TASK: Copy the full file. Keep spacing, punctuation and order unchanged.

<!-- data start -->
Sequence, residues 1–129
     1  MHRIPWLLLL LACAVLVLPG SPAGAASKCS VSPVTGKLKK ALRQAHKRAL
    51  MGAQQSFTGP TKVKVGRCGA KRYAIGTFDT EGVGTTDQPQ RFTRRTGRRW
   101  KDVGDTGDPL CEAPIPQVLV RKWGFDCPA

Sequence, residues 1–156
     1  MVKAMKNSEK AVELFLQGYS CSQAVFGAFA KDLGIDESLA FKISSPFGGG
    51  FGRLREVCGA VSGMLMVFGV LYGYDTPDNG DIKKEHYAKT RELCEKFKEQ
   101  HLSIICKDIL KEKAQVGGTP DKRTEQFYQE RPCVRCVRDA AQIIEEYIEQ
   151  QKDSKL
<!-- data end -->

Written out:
Sequence, residues 1–129
     1  MHRIPWLLLL LACAVLVLPG SPAGAASKCS VSPVTGKLKK ALRQAHKRAL
    51  MGAQQSFTGP TKVKVGRCGA KRYAIGTFDT EGVGTTDQPQ RFTRRTGRRW
   101  KDVGDTGDPL CEAPIPQVLV RKWGFDCPA

Sequence, residues 1–156
     1  MVKAMKNSEK AVELFLQGYS CSQAVFGAFA KDLGIDESLA FKISSPFGGG
    51  FGRLREVCGA VSGMLMVFGV LYGYDTPDNG DIKKEHYAKT RELCEKFKEQ
   101  HLSIICKDIL KEKAQVGGTP DKRTEQFYQE RPCVRCVRDA AQIIEEYIEQ
   151  QKDSKL